Action potentials initiated at the peripheral terminal of an afferent nerve are conducted to the central nervous system therein causing release of neurotransmitters that excite secondary neurons in the brain stem or spinal cord. Various chemicals, extremes in osmolarity and pH as well as mechanical stimuli are sensed by primary afferent nerves that innervate the airways. The processes leading to excitation of afferent nerve endings, conduction of action potentials along axons, transmitter secretion, and neuronal excitability are regulated by ions flowing through channels in the nerve membrane. Voltage-gated ion channels selective for K+ and Na+ ions allow the generation and conduction of action potentials and along with families of ion channels selective for other ions such as Ca2+ or Cl- are thought to play distinctive roles in regulating neuronal excitability and transmitter secretion. Here we discuss, in general terms, the roles played by various classes of ion channels in the activation, neurotransmitter secretion and excitability of primary afferent neurons.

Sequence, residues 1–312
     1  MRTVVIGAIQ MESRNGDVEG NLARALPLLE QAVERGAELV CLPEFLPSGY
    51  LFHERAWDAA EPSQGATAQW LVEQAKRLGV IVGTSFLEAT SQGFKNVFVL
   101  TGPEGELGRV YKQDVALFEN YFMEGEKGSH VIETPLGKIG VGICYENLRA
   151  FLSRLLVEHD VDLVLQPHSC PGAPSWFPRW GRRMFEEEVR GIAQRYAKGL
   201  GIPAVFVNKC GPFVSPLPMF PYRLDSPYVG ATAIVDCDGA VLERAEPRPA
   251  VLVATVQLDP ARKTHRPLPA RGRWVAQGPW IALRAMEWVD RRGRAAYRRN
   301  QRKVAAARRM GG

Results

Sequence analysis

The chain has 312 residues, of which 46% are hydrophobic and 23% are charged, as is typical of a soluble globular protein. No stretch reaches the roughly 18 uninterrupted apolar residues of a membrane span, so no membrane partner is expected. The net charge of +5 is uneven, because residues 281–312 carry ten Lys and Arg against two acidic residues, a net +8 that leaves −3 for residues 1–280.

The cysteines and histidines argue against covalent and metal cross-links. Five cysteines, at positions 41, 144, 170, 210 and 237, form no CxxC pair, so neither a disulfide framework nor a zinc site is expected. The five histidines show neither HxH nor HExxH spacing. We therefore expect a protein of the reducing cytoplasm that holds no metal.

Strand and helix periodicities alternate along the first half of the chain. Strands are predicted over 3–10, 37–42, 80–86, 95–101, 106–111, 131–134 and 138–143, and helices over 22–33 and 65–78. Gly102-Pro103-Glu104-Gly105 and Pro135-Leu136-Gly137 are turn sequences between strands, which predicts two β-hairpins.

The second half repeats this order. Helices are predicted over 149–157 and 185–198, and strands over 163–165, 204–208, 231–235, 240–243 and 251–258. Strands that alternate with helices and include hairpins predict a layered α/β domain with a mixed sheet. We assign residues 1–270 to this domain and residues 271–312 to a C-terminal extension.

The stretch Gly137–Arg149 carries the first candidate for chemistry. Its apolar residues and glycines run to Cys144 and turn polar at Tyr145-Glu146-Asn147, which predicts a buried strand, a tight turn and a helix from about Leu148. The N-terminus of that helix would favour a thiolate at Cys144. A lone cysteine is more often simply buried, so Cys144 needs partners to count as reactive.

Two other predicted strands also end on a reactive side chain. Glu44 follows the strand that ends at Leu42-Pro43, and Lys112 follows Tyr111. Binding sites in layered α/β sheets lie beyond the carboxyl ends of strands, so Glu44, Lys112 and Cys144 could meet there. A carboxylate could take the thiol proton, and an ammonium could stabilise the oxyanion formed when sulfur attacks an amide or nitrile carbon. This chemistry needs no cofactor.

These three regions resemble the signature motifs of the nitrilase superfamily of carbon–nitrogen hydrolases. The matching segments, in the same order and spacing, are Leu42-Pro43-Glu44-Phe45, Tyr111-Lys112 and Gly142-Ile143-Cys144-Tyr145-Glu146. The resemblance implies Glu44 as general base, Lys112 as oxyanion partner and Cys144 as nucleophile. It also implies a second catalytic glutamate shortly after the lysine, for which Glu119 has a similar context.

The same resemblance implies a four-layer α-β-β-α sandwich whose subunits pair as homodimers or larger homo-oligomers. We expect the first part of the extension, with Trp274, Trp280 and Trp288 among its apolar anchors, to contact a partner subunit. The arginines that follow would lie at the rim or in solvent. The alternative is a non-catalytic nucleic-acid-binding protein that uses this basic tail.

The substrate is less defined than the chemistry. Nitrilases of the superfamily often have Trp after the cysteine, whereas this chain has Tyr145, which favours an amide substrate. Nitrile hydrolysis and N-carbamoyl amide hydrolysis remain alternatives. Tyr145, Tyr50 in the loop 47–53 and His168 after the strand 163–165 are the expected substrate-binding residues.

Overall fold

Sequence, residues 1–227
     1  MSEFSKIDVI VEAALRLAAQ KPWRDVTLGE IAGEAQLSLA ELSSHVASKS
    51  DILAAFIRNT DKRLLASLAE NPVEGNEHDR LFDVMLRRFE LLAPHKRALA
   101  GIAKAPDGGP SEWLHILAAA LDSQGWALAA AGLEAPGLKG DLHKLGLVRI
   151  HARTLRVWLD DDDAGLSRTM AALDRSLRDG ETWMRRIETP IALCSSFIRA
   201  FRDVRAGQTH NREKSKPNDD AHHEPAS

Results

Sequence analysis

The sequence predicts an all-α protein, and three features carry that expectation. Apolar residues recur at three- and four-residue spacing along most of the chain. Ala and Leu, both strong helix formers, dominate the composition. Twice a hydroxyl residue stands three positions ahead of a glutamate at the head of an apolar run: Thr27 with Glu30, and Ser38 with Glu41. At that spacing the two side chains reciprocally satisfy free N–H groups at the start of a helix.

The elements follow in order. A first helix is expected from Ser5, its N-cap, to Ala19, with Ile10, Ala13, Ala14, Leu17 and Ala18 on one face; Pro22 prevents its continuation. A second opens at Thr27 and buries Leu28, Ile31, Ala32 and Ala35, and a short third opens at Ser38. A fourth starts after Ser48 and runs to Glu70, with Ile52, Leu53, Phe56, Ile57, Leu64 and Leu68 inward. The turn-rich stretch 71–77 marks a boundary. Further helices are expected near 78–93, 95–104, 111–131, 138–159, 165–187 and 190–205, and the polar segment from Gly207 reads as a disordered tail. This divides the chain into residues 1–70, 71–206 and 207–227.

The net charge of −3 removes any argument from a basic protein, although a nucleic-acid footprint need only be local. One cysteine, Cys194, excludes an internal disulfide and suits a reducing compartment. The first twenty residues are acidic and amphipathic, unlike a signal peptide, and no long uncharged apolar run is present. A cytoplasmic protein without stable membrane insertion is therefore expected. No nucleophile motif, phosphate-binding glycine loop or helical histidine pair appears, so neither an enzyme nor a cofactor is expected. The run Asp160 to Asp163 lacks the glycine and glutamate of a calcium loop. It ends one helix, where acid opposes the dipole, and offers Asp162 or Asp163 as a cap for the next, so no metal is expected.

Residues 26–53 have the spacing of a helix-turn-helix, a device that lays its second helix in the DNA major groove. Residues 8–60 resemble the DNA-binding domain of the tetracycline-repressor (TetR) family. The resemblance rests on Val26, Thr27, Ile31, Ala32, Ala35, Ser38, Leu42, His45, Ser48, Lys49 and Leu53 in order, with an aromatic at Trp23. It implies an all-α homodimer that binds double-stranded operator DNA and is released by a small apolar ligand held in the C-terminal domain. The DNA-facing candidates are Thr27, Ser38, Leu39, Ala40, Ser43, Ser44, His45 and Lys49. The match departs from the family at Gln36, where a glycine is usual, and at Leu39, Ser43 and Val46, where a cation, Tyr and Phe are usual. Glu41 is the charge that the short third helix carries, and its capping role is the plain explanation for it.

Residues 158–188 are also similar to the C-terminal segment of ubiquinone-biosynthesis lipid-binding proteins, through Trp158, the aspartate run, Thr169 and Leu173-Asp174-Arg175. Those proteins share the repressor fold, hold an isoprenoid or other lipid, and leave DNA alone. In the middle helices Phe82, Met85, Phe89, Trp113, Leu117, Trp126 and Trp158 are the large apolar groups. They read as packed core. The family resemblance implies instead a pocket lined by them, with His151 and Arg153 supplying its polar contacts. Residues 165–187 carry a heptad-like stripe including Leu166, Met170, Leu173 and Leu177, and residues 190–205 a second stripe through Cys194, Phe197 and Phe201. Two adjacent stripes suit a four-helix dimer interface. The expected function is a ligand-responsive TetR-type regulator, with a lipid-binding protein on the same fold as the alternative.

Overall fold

- Airways, afferent nerves
- Channels, ion
- Ions channels afferent airway nerves
- Nerves, afferent, airways, ion channels
ASJC Scopus subject areas
- Pulmonary and Respiratory Medicine